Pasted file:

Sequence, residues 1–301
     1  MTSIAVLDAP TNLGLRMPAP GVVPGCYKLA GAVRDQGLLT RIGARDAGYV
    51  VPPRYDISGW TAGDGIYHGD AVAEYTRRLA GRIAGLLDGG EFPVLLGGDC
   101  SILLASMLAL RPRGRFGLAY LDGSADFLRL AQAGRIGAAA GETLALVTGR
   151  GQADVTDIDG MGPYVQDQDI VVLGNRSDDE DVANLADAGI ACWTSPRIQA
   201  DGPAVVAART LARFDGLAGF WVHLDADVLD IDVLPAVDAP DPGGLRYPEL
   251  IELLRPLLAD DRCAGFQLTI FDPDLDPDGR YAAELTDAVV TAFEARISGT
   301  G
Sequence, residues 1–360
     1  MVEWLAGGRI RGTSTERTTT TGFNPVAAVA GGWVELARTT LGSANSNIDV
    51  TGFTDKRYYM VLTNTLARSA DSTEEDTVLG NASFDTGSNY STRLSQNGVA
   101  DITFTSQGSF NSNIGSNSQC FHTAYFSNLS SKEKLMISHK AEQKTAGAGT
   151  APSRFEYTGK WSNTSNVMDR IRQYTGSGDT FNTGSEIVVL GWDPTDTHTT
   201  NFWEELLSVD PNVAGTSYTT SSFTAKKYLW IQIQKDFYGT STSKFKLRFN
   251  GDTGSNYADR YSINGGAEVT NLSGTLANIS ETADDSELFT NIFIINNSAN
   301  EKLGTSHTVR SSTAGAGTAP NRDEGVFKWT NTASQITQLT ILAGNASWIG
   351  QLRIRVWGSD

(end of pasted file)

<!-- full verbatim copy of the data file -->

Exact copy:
Sequence, residues 1–301
     1  MTSIAVLDAP TNLGLRMPAP GVVPGCYKLA GAVRDQGLLT RIGARDAGYV
    51  VPPRYDISGW TAGDGIYHGD AVAEYTRRLA GRIAGLLDGG EFPVLLGGDC
   101  SILLASMLAL RPRGRFGLAY LDGSADFLRL AQAGRIGAAA GETLALVTGR
   151  GQADVTDIDG MGPYVQDQDI VVLGNRSDDE DVANLADAGI ACWTSPRIQA
   201  DGPAVVAART LARFDGLAGF WVHLDADVLD IDVLPAVDAP DPGGLRYPEL
   251  IELLRPLLAD DRCAGFQLTI FDPDLDPDGR YAAELTDAVV TAFEARISGT
   301  G
Sequence, residues 1–360
     1  MVEWLAGGRI RGTSTERTTT TGFNPVAAVA GGWVELARTT LGSANSNIDV
    51  TGFTDKRYYM VLTNTLARSA DSTEEDTVLG NASFDTGSNY STRLSQNGVA
   101  DITFTSQGSF NSNIGSNSQC FHTAYFSNLS SKEKLMISHK AEQKTAGAGT
   151  APSRFEYTGK WSNTSNVMDR IRQYTGSGDT FNTGSEIVVL GWDPTDTHTT
   201  NFWEELLSVD PNVAGTSYTT SSFTAKKYLW IQIQKDFYGT STSKFKLRFN
   251  GDTGSNYADR YSINGGAEVT NLSGTLANIS ETADDSELFT NIFIINNSAN
   301  EKLGTSHTVR SSTAGAGTAP NRDEGVFKWT NTASQITQLT ILAGNASWIG
   351  QLRIRVWGSD